Unicode Regular Expressions, Surrogate Points and UTF-8

Richard Wordingham richard.wordingham at ntlworld.com
Sat May 31 03:59:58 CDT 2014

On Fri, 30 May 2014 16:15:12 -0700
Markus Scherer <markus.icu at gmail.com> wrote:

> If you find UTS #18 unclear or misleading, I suggest you submit
> feedback pointing out specific text issues.

In this case it seems to be making a pointless, counter-productive
'demand'.  I'm first raising the point here in case there is a good
reason for the requirement.

> If you use Unicode 16-bit strings, it's easy to "pass through"
> unpaired surrogates and treat them like code points; it's often not
> productive or necessary to check for them all the time, that is, to
> be strict about UTF-16.

Bear in mind that a pattern \uD808 shall not match anything in a
well-formed Unicode string.  \uD808\uDF45 specifies a sequence of two
codepoints.  This sequence can occur in an ill-formed UTF-32 Unicode
string and before Unicode 5.2 could readily be taken to occur in an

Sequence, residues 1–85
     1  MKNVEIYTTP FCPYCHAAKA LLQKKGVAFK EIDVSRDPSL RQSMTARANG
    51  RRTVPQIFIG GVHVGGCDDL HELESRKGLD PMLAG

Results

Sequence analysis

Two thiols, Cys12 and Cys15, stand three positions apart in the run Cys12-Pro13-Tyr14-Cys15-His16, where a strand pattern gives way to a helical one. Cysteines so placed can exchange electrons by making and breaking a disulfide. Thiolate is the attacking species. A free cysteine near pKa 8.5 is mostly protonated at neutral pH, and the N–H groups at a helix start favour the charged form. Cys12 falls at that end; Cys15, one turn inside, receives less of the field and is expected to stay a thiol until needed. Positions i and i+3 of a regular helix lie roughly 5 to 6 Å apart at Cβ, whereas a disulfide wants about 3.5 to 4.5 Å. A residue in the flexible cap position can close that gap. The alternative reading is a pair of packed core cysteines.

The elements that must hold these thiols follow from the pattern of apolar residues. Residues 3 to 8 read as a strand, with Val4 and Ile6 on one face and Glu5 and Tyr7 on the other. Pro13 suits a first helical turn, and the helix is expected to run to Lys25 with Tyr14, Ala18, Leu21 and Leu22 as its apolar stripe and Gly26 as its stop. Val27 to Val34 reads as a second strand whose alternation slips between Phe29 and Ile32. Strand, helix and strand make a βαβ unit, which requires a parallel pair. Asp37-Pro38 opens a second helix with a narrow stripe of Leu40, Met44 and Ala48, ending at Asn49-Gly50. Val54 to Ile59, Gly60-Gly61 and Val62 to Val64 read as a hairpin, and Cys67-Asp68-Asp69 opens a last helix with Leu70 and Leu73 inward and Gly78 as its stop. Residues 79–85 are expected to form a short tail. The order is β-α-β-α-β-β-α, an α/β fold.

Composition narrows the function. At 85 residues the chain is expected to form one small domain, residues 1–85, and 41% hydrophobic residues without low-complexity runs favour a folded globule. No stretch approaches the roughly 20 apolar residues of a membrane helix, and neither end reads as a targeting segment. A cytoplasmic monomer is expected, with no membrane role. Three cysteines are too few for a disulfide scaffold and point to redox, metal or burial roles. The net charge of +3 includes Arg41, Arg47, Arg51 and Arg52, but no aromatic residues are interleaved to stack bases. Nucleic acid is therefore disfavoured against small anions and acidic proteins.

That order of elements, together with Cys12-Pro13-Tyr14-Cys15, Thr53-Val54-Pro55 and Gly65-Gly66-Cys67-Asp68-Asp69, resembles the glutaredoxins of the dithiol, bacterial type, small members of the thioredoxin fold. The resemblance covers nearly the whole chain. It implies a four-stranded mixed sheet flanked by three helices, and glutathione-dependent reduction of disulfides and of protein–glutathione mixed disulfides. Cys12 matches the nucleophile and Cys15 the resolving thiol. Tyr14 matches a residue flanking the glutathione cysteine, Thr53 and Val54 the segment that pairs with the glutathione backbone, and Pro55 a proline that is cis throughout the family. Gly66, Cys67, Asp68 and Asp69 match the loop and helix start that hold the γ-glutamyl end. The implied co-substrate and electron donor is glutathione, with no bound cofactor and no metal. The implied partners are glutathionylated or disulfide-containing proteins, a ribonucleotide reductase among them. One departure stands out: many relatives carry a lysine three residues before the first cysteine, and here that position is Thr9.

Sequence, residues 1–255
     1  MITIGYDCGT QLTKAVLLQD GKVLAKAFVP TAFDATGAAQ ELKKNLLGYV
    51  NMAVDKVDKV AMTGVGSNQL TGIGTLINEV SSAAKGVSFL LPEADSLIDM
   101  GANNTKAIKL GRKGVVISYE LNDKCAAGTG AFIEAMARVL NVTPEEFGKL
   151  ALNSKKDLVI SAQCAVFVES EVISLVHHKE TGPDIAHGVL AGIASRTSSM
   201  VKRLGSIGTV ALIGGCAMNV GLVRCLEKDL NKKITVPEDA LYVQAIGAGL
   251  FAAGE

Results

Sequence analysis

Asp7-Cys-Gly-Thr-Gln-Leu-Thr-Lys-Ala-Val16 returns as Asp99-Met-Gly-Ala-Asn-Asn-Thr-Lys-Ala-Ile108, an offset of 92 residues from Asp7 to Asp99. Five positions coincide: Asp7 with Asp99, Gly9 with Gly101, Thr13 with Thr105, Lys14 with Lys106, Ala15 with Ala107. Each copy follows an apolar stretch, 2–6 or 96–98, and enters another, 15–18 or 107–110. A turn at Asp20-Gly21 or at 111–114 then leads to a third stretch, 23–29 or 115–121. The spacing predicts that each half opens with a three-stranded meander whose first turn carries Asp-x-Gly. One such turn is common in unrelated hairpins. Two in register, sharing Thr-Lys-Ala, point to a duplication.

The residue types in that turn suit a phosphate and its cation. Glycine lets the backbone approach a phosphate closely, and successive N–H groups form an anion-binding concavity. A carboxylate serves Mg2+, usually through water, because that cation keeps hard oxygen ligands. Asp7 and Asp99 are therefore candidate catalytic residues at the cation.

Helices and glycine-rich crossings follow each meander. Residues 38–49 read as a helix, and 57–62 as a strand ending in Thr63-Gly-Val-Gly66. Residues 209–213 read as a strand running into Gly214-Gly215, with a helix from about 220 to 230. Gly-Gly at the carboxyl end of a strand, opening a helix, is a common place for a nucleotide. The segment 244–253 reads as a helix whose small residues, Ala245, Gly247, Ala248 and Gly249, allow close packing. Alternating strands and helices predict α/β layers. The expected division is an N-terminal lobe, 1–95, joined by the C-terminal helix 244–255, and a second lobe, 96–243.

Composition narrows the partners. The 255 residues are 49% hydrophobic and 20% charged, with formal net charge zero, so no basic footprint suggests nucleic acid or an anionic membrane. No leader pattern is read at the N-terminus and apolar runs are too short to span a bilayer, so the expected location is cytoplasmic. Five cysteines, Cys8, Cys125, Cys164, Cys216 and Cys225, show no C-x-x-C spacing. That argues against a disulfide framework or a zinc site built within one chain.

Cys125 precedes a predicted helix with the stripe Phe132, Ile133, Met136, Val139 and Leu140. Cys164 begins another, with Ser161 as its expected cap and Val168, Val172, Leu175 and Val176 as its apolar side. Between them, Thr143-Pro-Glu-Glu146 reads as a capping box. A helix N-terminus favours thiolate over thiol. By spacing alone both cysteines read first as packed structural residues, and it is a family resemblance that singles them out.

ill-formed UTF-8 Unicode string.  RL1.7 declares that for a regular
expression engine, the codepoint sequence <U+D808, U+DF45> cannot
occur in a UTF-16 Unicode string; instead, the code unit sequence <D808
DF45> is the codepoint sequence <U+12345 CUNEIFORM SIGN URU TIMES

> On the other hand, I don't think anyone expects you to support invalid
> UTF-8, and especially not to support any and all Unicode 8-bit
> strings (see Unicode 3.9 Unicode Encoding Forms for what I mean here).

Is there a use case for having a 1-character RE \uD800 within a
pattern? I could understand it if it were required to match a lone
surrogate U+D800, but it isn't.  If a regular expression engine
matches lone surrogates, then using the same notation for all
codepoints is reasonable, but if it doesn't it would be more useful for
it to treat lone surrogate code points in patterns as errors.


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